As always, our Alliance team of more than 500 exceptional professionals has focused daily on enhancing and managing innovative, evidenced-based services and supports that allow members of our health plan to live healthier, more satisfying lives. In particular, we sharpened our focus on developing expanded service options for DSS-involved children and youth experiencing behavioral health challenges. Read on to learn more about this.
Our work is bolstered by the guidance of an outstanding Board of Directors, as well as the support of the Boards of County Commissioners and the County Managers and their staffs from our four counties. We thank them all, along with our Consumer and Family Advisory Committee, and partners and colleagues across the Alliance region.
Chief Executive Officer
Working alongside NCDHHS and our strong and committed provider network with the guidance and flexibility our state partners have provided, Alliance stepped up with more than $10 million in additional support to help our members and our communities weather this storm.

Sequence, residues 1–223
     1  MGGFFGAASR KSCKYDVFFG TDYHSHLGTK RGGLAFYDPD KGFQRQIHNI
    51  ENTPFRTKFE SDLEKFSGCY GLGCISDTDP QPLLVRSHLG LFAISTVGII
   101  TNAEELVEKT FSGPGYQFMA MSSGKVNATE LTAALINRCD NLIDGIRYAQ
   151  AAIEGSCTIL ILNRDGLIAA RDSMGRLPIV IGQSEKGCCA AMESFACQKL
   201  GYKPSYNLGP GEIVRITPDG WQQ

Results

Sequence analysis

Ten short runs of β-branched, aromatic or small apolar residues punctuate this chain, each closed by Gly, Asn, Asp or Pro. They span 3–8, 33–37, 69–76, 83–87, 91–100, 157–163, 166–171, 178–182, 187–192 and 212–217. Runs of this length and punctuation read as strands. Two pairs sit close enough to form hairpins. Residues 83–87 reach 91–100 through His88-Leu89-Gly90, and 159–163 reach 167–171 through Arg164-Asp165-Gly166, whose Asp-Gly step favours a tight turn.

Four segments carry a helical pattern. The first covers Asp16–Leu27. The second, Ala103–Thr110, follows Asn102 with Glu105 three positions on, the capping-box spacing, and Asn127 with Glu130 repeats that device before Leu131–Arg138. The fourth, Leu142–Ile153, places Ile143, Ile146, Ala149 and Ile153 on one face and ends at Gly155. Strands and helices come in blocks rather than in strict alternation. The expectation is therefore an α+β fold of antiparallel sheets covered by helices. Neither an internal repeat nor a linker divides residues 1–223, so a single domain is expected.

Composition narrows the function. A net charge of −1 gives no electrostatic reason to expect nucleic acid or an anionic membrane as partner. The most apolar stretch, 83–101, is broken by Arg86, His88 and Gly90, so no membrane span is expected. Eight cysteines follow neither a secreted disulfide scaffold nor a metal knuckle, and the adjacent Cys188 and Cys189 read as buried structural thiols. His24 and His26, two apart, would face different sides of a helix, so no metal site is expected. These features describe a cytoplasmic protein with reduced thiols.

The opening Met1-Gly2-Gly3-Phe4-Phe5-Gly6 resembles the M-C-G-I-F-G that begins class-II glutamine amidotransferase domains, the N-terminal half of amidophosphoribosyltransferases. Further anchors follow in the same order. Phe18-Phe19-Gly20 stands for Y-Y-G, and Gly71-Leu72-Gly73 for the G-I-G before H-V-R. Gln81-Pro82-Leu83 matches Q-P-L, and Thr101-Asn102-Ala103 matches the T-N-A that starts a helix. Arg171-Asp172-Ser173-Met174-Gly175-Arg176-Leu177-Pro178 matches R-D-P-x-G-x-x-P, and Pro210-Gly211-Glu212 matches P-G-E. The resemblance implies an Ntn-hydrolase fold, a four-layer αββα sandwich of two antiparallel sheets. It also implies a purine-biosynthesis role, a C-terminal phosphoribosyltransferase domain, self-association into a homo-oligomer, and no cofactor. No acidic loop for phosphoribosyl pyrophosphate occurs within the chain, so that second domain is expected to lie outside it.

Learn more about how Alliance supported our communities
during the COVID-19 pandemic.
Just as the social distancing requirements of the COVID-19 pandemic upended the way we work at Alliance, the public health emergency also created new, pressing needs in our communities. Our Community Health and Well-Being staff sprang into action to help address these new needs.
Of the member respondents that
received telehealth services, 88% rated
their service good or very good.
Alliance SVP, Community Health and Well-Being Ann Oshel: “It Took A Village” to provide fast and needed care to
our communities’ most vulnerable people at the beginning of the pandemic.
During calendar year
to help provide safe, stable
housing in our communities.
Alliance assisted over
individuals and family
Due to the pandemic, we relaxed our program criteria in order to prevent households from becoming homeless. Therefore, several applicants applied for financial assistance more than once due to extenuating circumstances surrounding their housing.
Durham County Virtual Resource Fair